This is a big subject and as a database nerd, I could write thousands of words on this subject. Instead, I’ll limit myself to the next few bullet points.

• Look at your prospect list and often. Be aware of who is on it. Ask yourself; “Are these the right companies for our business?”
• Look at the job titles on your prospect list. Ask yourself; “Are these the right people for our business?”
• Are the entries in your database categorised? For example by industry (car companies or car shows). By Organiser? By the size of stand? By show name? Or by any other categories that work for your business and allow you to easily target specific prospect groups.

You are probably sitting on a mine of new business potential. Get it organised and you
can get it working for you.

What's your sales story?

Do you have a powerful sales story or do you or members of your team run through
their version of the benefits of your product or service?

Consistency in sales and marketing provides direction. If you haven’t looked at or
updated your sales story and support materials in months or even years, get to it now.

Do you have a sales deck?

This is the standard presentation that sells your company when you or your colleagues meet with prospective clients.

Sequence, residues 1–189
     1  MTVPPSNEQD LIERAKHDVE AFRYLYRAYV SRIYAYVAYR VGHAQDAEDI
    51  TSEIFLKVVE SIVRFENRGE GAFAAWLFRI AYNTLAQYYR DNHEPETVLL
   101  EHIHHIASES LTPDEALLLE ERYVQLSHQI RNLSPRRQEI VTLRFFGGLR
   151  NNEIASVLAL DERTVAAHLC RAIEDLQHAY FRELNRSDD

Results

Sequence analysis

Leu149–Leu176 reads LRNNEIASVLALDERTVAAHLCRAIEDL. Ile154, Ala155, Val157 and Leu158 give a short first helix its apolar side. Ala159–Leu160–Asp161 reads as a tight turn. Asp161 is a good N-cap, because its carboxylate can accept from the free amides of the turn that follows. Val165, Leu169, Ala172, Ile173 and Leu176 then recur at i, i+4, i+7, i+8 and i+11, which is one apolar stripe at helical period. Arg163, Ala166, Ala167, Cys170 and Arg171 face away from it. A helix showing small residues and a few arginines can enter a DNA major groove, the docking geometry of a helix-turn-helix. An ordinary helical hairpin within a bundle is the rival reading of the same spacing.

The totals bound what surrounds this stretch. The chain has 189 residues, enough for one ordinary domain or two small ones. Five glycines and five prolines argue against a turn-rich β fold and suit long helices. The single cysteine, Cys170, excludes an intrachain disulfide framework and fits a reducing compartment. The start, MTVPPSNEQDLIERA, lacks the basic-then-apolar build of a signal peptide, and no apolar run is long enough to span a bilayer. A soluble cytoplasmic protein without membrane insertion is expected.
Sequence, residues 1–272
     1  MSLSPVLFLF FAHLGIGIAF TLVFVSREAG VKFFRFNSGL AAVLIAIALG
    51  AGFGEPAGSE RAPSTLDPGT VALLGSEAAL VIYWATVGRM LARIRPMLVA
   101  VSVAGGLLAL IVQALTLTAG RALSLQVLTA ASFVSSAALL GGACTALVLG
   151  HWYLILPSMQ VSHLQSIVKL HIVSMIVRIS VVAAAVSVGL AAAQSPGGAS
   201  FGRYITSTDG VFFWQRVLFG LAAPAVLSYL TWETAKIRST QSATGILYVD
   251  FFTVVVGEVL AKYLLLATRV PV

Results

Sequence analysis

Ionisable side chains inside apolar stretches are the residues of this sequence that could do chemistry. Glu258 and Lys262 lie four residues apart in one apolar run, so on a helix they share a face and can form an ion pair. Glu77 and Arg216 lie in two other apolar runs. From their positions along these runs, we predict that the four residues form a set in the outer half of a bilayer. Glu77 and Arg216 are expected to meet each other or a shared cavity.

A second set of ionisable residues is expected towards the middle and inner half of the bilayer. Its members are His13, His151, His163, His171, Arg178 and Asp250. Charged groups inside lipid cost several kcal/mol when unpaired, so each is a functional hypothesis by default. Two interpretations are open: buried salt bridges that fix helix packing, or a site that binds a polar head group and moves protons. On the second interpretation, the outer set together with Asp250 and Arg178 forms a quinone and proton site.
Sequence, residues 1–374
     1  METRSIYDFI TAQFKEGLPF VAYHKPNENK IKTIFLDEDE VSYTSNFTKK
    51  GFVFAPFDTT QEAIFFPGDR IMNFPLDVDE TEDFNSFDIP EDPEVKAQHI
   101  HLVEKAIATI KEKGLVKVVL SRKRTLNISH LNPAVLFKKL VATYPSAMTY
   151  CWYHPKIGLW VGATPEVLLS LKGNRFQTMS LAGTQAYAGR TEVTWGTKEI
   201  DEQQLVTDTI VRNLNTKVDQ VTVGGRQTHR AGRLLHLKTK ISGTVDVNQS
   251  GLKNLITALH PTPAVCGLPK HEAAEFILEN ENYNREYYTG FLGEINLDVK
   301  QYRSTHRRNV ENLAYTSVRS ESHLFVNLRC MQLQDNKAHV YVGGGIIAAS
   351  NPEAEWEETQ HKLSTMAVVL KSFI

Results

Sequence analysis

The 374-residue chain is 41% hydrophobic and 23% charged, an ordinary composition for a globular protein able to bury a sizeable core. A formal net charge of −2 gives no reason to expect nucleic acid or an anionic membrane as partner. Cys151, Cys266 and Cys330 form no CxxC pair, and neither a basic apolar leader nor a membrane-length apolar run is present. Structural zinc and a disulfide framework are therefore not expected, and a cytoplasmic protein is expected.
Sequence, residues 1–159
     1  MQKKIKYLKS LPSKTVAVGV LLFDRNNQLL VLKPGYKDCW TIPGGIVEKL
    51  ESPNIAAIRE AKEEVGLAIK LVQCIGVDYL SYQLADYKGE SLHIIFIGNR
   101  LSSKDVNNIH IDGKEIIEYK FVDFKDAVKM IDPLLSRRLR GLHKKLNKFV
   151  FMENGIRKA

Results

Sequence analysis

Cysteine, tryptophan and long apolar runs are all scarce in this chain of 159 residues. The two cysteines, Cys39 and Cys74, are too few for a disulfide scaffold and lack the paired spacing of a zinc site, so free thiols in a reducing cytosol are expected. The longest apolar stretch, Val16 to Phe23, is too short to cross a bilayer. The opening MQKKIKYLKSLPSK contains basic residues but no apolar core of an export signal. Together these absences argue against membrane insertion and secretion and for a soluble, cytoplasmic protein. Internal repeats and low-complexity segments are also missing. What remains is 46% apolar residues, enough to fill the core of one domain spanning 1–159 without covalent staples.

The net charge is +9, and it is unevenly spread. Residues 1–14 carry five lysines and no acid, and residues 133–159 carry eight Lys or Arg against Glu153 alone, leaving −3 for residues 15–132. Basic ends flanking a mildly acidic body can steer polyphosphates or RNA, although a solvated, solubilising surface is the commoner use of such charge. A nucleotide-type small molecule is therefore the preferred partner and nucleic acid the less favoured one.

Everyone in your sales team should know the presentation inside and out.

The sales team for your business

Who is the best performing salesperson on your team? Why is that? What do they do or
say that other members of the team could learn from and use themselves? Which elements of the way they sell should be included in your marketing?

Is enough training being given to the team, especially to weaker performers? Are you
listening to feedback from your salespeople and reacting to the opportunities and
threats they are highlighting?

Meet with them regularly. Listen. Reward. Enthuse and lead.

Get things out of your head and into the business

Over the past weeks, months or years, you’ve been making notes mentally or written (hopefully written).

These notes are about the tweaks and changes that you want to make. The things that you’ve promised yourself you’ll do when you have the time.

We both know that if you haven’t done anything with these notes by now then you won’t get the time you’ve been hoping for. You have to make the time.

Carve out some space in your diary now to get this thinking organized.

If you work with a management team, you might consider organising a group strategy day. It’s important to ask from time to time, “where do we want to get to?”

Once you know the answer to that question, you can work out the route that will get you there. If you lead a company or a team, get your own thinking done first.

If you follow these steps, it’s unlikely that you will ever have to completely change how you market your business. That’s because you will have already done it. Step by step, using the information that already lies within your reach.

The views and opinions expressed in these blogs are those of the authors alone and do not necessarily reflect the official policy or position of ESSA, its members, board or staff. Our members represent a broad range of views within the event industry, and we have provided this section of the website for their opinions to be openly heard and discussed.